Arts and Culture

Bogeyman Art Show blends image and story in a spooky exhibit

"You say boogie, I say bogey," says Eric Matelski, in response to questions about the pronunciation of the 'bogeyman' element of the Bogeyman Group Art Show now up at MacSpa. Inspired by the fact that his family treated Halloween like Christmas in his youth, and in honor of Denver's multi-cultural heritage, Matelski has produced his third edition of this show -- a display complete with ten artists' renditions of the multi-form spook of their youth. And each visual piece is coupled with a short, written story.

See also: 100 Colorado Creatives: Artist and Westword Artopia star Eric Matelski

"Some [artists] are nervous," says Matelski of the transition from the artists' usual medium -- be it doll-making, painting, drawing -- to writing. "It's easier for people to come up with spooky or dark art than to have a story to go with it."

So he lets the artists -- including Kyle Banister, Jesse & Cori Buchholz, Patrick Gerace, Corrina Espinosa) -- do whichever comes easier first, then work at their own pace on the harder of the two. "Sometimes folks are intimidated by it," he adds. "Most times, though, they just have fun."

Before slasher films and Disney cartoons, stories like these of the bogeymen were used to keep kids in line, prevent their running off into the forest and doing naughty things.

Grab one of the free booklets of creepy stories at the special "Afraid of the Dark" reception that runs from 10 a.m. to 2 p.m. on Saturday, October 19 -- just before the Denver Zombie Crawl -- at the MacSpa. We've snagged a few of those stories along with their paired images to offer this sneak preview:

"Luster," by Jesse Buchholz

I could say with confidence that when I was a young child, there wasn't much concern over a "monster under the bed/closet" or sounds in the basement/attic. What triggered my fears the most were actually my best fiends during the day - my stuffed animals. Whenever light from the moon or streetlamps came in through my window at night, it would fall upon my toys in such a way that I could swear they were staring directly at me. If I stared back at the stuffed animals long enough, my mind would play tricks and cause me to believe they were moving ever so slightly. I actually got in the habit of facing the toys away from myself before going to bed, or putting them away entirely. This "staring" sensation would always seem to intensify after waking from a creepy or disturbing dream, as if my toys were waiting to continue the nightmare. To me, this is the true form of bogeymen - shadowy figures hiding in the dark, who use just the right amount of light to transform ordinary, harmless objects into a focal point of horror. These objects can also be something as simple as: a jacket on a peg, a hat on a coat rack, a floor lamp, a decoration on the wall, or anything that could be disguised in the right lighting.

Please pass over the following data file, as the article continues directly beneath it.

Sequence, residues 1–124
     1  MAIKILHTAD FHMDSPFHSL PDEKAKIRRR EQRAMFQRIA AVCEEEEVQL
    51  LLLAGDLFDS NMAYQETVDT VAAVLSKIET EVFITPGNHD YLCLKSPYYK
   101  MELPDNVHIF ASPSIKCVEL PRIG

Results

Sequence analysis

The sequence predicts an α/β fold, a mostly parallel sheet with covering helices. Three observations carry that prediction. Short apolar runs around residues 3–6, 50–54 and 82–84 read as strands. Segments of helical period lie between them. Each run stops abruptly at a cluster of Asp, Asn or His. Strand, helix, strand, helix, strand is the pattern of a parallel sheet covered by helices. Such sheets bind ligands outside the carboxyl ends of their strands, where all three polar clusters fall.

"Bubak," by Eric Matelski
Bubak or hastrman (Bugbear, scarecrow, respectively) is the Czech boogeyman; he is like Torbalan in being a man with a sack who takes children. He also, however, takes adults, and is known for hiding by riverbanks and making a sound like a lost baby, in order to lure the unwary. He weaves on nights of the full moon, making clothes for his stolen souls, and has a cart drawn by cats. In some regions of Poland, like Silesia or Great Poland, children are mock threatened with bebok (babok, bobok).
"Energy of the Dead," by Chris Schranck
At my art studio I have three rooms. One is mine and the other two I rent to other artist. The smallest of the rooms, which is the one I am always trying to rent, has a closet door that opens on it's own. When it dose things happen; lights shutter, things fall off the counter, and all kinds of noises happen from soft to loud.

I do art work at night, so one night I come into the studio to paint. I turn on the lights, I look into the small room as I pass to go to my room, the closet door is closed. Then all of a sudden I feel a very negative, evil energy that seems to surround me. I see a flash. Out from no where a cabinet door slams into my head, knocking me so hard, that my feet fly from under neigh me and sending me across the floor. I land in front of the small room. I look up from my daze to see the closet door is open.

That closet door now remains locked, I still paint as I always have, but with a new found respect.

The Bogeyman show will be up through November 2 at the MacSpa, 1738 Wynkoop Street.

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Eric Westerlind